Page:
File sharing helps some music labels

No, I am not one of those people who thinks you can fund an entire music industry through the sale of T-shirts. But file-sharing appears to have been a boon for some indepedent labels, which otherwise have a hard time getting their music to customers. Here is a money quote:

Today he [Mr. Egan] says – seemingly counterintuitively – his label simply would not exist without file-sharing services like Napster and its successors KaZaA and Morpheus.

Even as the major labels of the music industry pursue file traders for copyright infringement through lawsuits and the court of public opinion, Vagrant and many other independent label owners cheer them on. File sharing, these owners say, helps their small companies compete against conglomerates with deeper pockets for advertising and greater access to radio programmers.

“Our music, by and large, when kids listen to it, they share it with their friends,” Mr. Egan said. “Then they go buy the record; they take ownership of it.”

The New York Times offers the full account (registration required).

Smuggling amongst the Amish

“A smuggling ring operated for several months in Ohio’s largest Amish community, transporting hundreds of illegal immigrants from Mexico and Guatemala, investigators said.” So notes Cnn.com. It says something about the power of good institutions that it still makes economic sense to smuggle workers into a community that limits its use of modern technology.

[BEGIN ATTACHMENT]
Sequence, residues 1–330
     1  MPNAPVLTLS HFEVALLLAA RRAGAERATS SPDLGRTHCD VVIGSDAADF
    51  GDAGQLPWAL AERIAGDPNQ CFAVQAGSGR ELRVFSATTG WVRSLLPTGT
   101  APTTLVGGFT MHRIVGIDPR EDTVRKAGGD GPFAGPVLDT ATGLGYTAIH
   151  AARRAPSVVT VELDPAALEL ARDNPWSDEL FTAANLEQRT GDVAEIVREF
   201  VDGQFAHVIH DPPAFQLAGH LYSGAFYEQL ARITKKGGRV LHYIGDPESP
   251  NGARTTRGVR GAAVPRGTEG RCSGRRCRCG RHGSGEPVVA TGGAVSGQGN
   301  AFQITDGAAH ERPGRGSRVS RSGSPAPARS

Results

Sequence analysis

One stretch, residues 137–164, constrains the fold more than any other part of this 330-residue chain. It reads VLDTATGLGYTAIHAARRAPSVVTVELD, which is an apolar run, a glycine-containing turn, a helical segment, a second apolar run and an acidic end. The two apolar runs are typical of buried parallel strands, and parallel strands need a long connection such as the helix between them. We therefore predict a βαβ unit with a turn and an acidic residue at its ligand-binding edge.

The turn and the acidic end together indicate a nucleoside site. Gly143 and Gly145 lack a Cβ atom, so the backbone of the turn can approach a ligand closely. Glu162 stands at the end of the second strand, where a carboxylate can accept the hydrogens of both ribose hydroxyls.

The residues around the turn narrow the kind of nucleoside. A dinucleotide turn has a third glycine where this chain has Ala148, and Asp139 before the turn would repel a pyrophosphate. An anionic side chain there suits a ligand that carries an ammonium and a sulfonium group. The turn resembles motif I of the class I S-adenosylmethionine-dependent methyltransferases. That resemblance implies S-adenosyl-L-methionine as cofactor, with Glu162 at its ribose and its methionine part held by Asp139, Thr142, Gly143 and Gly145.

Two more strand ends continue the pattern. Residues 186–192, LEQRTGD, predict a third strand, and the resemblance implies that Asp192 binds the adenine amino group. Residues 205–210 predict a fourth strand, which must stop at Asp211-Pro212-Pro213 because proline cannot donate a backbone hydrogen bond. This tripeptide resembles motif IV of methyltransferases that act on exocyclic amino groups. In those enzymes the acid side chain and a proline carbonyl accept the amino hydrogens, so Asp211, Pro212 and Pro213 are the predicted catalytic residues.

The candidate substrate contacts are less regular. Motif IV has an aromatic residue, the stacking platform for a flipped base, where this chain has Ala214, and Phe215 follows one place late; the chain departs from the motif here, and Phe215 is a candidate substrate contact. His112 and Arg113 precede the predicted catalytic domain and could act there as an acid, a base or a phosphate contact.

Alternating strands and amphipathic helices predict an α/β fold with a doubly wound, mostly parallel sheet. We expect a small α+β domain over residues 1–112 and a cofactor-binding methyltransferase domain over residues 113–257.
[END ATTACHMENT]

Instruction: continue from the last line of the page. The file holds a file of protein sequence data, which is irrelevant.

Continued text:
One man’s vice…

Here is a new blog devoted to the economics of public policy for the vices, namely the regulation of drugs, gambling, and prostitution, see vicesquad.blogspot.com. I am reading a bit in here, but overall the perspective rings sympathetic toward various methods of legalization or decriminalization. Click here if you wish to read about the attempt of Los Angeles to ban lap dancing.

Here is the blogmeister’s self-description: “My name is Jim Leitzel and I am an economist and co-chair of the public policy concentration in the undergraduate college at the University of Chicago. For the past five years I have taught a course on vice policy, and I have recently started to write a secondary text for the class.”

Thanks for Peter Boettke for the pointer.

The new Robert Putnam book

Robert Putnam has a new book out, with Lewis Feldstein, Better Together: Restoring the American Community. I started writing a short review of it, which ended up morphing into a look at Putnam’s oeuvre more generally, most of all his renowned Bowling Alone. The bottom line: I admire the quality of Putnam’s work, but am not convinced by his arguments that “bowling alone” is a growing problem. Click here to read my piece.

Herd behavior and dominant strategies for mice